Lost in Las Vegas

photo 3This morning from the 39th floor of a Las Vegas hotel room I watched the sun rise over the mountains. Impervious to the sweeping humanity below them, these mountains are the area’s only static feature and serve as a boundary to the manic development. Without their silent enforcement, who knows how big Las Vegas could get? No way will this city stop itself.

You don’t spend much time in your room, luxurious though it is. You spend lots of time walking through the hotel. This is because the exits are few and far between; if it weren’t for fire safety, there probably wouldn’t be any. Reaching one of these secret outlets requires a winding trek past Baccarat and Black Jack tables; past acres of glowing slot machines; past Chanel, Cartier, Hermes, Gucci, Rolex; past sleek bars and stylish restaurants; past dazzling chandeliers, color-changing waterfalls, giant silk flowers, colossal glass balloons, massive mosaics. Stunned by the cumulative effect of these displays, you wander for hours, lost in time, for there are no clocks in these hotels and no windows. Light and temperature, meticulously controlled, are designed to make your body forget itself.

photo 1In an effort to keep guests inside at all costs, many hotels have joined forces and created connecting passageways. These escalators and skywalks are so effortless, so discreet, that you usually unaware of the transition. How did you get from the Encore to the Venetian, from the Palazzo to Caesar’s Palace? At last, exhausted by the journey, the visual stimulation, the constant campaign of music, you stumble into a lounge or restaurant and blearily eye the menu. By then you are inured to the exorbitant prices and scarcely bother to look at them.

What did you expect? This is, after all, Las Vegas. If you think a hotel that charges $370 a night should not charge another $20 for WiFi, you have a point, but so what? Money reigns supreme here. To suggest it has a limit amounts to blasphemy. If you cannot get into the spirit of spending, you need to leave the premises. Nothing personal—you just don’t belong.

I had not been to this city in fifteen years. Previously, I recall being charmed by the clever use of faux materials. This time the sets were alarmingly real. As I walked across miles of Italian marble, I began to understand the extent of the riches involved and it made me queasy.

Many people loathe Las Vegas. It is a reckless, heedless city. It stands for all the wrong things. One day this city will run out of water—the one thing it does not have a surfeit of—and nature will be the big winner.

The mountains are out there waiting.

photo 5

An excerpt from “The Side Bar”

I’ve always been fascinated by people who can endure the stark realities of desert life. Here is an excerpt from “The Side Bar,” one of the stories in my collection SURVIVAL SKILLS. Set in the Nevada desert, this story concerns a handful of characters who work in a hotel casino.

It’s not just the people here who have stories, it’s the land. In Elko County there’s a town that was built on a blizzard-whipped mountaintop where someone found gold in the 1860s. The elevation was 10,000 feet and nearly everything the townsfolk needed had to be hauled up the icy slopes—whiskey was cheaper than water.

Every month or so I drive to a ghost town I haven’t been to before. I’ve walked into listing, cobwebbed shacks, found tin cups and plates still on the tables. Today I’m in Rosamund, about two hours east of White Horse. There isn’t much left: stone foundations, a roofless drugstore, parts of the sagging saloon. Dealers and collectors have picked the place clean, but roughing up the dirt I find two unbroken bottles: “Hamlin’s Wizard Oil Liniment” and “SOS Vermin Killer.”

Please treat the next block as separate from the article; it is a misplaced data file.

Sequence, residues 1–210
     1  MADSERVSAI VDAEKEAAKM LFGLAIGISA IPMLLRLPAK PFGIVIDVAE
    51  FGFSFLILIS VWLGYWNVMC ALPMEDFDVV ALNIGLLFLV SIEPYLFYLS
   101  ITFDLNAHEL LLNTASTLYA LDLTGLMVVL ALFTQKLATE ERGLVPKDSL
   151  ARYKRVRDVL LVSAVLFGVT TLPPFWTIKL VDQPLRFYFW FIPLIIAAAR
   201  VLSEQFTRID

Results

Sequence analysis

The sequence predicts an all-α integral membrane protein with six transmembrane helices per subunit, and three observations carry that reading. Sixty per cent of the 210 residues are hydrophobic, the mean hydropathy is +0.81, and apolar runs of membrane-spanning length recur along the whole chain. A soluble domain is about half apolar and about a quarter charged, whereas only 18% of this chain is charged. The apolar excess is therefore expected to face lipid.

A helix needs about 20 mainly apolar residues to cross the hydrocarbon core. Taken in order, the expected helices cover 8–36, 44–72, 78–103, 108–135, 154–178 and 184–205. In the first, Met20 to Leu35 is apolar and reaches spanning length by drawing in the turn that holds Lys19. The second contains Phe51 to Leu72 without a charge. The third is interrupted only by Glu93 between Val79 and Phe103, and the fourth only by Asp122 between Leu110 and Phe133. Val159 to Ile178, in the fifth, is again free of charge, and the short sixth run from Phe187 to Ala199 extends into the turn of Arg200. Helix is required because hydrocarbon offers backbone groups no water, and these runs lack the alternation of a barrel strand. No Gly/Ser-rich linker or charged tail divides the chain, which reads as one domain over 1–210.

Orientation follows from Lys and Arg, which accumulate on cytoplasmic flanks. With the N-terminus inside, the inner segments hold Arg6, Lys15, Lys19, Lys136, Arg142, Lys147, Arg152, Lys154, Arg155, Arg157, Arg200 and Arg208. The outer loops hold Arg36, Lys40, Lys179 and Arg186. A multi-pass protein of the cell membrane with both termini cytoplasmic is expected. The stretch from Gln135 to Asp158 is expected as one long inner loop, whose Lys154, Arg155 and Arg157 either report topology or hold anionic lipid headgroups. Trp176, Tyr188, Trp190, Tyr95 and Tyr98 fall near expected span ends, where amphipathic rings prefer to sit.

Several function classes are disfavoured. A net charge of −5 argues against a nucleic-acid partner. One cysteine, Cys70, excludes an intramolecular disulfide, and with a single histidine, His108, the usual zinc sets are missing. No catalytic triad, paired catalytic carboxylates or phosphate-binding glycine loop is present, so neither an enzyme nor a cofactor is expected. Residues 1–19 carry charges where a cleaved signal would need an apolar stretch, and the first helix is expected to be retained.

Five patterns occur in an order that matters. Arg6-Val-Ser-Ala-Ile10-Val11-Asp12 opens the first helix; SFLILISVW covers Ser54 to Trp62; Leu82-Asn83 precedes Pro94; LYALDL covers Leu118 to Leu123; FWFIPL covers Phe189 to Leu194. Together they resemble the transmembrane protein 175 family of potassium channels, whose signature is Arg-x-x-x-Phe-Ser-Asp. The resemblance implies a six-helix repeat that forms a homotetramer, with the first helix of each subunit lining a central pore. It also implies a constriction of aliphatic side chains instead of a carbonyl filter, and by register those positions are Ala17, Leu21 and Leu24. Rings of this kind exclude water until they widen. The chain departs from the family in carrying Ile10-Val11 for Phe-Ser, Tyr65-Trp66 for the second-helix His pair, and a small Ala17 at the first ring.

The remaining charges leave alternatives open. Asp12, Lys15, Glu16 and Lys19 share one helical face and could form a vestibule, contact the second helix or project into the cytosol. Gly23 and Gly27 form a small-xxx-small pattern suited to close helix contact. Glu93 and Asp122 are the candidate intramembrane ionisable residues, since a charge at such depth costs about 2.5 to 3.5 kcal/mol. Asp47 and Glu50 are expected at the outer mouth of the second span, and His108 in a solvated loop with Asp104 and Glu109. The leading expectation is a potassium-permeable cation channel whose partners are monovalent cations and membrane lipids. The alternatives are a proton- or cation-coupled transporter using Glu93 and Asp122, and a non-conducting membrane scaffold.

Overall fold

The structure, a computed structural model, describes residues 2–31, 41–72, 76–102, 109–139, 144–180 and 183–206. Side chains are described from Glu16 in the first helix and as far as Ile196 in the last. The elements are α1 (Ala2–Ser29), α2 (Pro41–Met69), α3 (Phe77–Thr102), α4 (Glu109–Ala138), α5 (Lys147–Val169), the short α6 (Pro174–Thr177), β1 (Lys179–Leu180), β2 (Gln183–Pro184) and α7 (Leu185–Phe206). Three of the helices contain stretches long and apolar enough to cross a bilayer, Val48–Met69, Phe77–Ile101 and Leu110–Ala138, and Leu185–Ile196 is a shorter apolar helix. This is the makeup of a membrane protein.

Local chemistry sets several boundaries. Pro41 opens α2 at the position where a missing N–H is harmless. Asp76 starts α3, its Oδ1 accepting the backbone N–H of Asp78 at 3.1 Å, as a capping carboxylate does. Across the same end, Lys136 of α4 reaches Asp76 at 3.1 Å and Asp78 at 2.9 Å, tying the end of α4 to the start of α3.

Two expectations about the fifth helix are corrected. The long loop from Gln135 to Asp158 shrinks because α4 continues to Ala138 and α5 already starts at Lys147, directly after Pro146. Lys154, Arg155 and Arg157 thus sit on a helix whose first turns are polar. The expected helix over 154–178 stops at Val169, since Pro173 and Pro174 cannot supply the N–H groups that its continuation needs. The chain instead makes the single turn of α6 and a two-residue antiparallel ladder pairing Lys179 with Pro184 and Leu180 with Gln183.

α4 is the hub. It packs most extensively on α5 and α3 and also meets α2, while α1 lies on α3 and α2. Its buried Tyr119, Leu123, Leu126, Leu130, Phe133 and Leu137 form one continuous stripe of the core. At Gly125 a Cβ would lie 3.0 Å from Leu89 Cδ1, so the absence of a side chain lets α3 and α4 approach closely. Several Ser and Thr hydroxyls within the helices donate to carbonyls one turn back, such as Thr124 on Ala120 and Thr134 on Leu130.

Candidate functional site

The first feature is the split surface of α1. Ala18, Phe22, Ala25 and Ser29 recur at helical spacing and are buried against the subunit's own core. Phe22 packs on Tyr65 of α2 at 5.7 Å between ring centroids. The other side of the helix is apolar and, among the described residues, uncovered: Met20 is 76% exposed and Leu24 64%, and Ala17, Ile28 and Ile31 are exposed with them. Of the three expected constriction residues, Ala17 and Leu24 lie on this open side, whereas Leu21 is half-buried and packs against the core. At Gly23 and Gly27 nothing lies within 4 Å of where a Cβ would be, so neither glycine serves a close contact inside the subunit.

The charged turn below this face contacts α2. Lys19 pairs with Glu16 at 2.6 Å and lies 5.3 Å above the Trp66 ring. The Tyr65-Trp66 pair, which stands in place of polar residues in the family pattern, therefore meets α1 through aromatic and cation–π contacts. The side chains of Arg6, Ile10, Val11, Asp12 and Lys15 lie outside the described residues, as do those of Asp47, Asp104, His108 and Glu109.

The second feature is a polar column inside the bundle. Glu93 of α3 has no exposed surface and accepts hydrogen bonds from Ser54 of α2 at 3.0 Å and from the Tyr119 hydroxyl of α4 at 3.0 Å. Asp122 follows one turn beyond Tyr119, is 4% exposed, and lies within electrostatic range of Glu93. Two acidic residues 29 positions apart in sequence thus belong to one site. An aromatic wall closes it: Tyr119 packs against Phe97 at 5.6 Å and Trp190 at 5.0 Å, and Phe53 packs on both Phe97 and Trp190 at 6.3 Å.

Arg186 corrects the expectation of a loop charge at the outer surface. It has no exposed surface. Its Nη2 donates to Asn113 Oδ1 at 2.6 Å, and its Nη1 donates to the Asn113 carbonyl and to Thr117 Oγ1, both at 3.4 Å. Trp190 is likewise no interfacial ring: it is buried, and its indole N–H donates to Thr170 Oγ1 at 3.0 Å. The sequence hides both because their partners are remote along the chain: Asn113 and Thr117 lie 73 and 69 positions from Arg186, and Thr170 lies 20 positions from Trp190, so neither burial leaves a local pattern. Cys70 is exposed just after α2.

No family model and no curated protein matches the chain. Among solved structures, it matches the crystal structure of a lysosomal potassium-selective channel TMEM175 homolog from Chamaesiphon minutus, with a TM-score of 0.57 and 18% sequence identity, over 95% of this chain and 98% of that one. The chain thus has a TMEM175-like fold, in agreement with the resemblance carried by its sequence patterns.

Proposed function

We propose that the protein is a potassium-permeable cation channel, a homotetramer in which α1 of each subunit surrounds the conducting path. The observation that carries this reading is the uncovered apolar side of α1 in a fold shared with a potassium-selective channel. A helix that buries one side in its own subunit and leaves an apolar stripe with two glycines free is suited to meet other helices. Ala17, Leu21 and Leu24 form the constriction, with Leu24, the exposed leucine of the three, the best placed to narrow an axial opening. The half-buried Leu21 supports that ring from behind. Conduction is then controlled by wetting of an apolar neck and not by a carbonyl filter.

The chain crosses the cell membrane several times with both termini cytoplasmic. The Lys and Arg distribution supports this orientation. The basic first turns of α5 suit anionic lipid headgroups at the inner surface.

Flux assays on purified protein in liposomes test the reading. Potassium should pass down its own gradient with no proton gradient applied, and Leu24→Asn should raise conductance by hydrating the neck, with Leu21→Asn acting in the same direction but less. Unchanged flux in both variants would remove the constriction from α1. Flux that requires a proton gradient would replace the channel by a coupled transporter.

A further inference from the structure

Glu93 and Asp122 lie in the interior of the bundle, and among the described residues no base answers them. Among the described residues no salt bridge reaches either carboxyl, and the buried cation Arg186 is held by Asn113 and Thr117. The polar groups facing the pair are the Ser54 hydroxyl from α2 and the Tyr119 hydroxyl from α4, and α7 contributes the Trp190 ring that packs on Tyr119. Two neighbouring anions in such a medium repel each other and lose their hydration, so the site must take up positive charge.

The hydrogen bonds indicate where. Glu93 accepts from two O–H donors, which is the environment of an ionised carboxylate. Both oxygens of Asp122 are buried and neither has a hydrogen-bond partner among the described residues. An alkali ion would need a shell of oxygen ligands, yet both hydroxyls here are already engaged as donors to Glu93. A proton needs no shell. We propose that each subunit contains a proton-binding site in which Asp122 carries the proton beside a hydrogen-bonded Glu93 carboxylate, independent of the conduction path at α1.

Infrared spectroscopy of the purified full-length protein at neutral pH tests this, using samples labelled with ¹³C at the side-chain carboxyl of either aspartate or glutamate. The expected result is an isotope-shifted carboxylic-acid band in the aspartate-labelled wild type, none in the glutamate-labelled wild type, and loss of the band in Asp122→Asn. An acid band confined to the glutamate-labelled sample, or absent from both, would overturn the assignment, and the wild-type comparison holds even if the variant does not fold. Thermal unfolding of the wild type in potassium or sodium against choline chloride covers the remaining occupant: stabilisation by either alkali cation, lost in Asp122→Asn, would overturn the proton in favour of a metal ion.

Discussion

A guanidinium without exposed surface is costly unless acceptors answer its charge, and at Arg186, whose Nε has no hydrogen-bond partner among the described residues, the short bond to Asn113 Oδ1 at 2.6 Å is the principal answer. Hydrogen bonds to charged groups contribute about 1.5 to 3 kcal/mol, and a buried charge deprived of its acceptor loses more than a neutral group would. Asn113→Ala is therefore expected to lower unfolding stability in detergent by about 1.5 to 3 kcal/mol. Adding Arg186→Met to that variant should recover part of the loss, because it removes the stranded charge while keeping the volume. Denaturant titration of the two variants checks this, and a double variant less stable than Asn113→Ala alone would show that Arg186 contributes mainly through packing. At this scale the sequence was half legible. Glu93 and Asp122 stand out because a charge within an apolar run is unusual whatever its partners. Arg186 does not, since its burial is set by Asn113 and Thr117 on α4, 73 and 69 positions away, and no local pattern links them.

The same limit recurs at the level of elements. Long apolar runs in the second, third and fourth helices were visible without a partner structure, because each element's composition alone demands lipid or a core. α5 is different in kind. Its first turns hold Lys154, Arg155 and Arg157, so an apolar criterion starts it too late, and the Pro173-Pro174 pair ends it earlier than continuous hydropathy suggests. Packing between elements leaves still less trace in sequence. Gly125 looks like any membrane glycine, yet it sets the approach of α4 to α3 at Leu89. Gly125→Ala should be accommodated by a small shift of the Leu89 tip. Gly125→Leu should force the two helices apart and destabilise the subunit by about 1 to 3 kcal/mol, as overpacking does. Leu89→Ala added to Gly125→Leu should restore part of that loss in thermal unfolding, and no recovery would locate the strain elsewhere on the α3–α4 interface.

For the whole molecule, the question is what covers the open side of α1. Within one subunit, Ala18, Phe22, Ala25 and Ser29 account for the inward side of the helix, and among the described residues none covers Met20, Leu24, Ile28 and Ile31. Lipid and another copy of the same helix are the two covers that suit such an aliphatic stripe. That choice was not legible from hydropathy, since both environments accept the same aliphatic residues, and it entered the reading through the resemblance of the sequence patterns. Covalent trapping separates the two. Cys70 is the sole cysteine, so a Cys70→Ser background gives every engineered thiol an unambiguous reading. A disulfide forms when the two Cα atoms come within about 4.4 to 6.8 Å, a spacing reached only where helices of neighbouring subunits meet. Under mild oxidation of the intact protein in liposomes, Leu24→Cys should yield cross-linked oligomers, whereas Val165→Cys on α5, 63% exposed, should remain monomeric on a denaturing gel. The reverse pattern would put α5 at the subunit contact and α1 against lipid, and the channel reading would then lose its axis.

While April is usually a cool month in the high desert, the temperature today is over eighty, so I hike up a stony slope and eat lunch in the scant shade of a juniper. The sky is blue, the mountains brown, just two colors taking care of everything. There is no sound, no chirping birds, no babbling brooks, no car engines, just a huge silence to slip into. I could be the last person on earth.

I take a bite of my ham sandwich and ponder the crumbling square of a house where people once ate, slept, fought, made love, had children, got sick and died. Looking at the drugstore, I have no trouble envisioning the miners, dirty, coughing, walking in and out of the door. I conjure up an old yellow dog lying in the shade, a couple of prostitutes leaning up against the posts, laughter and piano music coming from the saloon. It doesn’t take much imagination to evoke those days. Nevada has more ghosts than living people and the land is strewn with what’s left of their dreams.

It’s dark by the time I got to the outskirts of White Horse and there’s a gorgeous pink line in the west, just above the black horizon. I stop the car and roll down the window, let the night air wash over my face. It smells of sage and silver, of mica and cold clean bone. Out there, all around me, are creatures I can’t see, small desperate animals darting over the rocks. What I can see are the neon lights of town and, even from this distance, the White Horse Casino sign: a tall smiling cowboy holding the ace of hearts.

The coyotes are howling. They do this almost every night, launch their plaintive chorus into the starry heavens. Are they joining forces, organizing a hunt?  Or do they just need to know they’re not alone?

Last month a chef in Reno pricked his thumb on a contaminated chicken bone and died ten days later. A friend of mine was struck and killed by a falling eucalyptus tree while she was jogging. Take all the precautions you want, staying alive is a stroke of luck.

I think that’s why I like the desert so much—all this terrifying space, this nothingness, and me just a dot in the middle of it.

Okay. Here I am. Come get me.

Sunset south of Boulder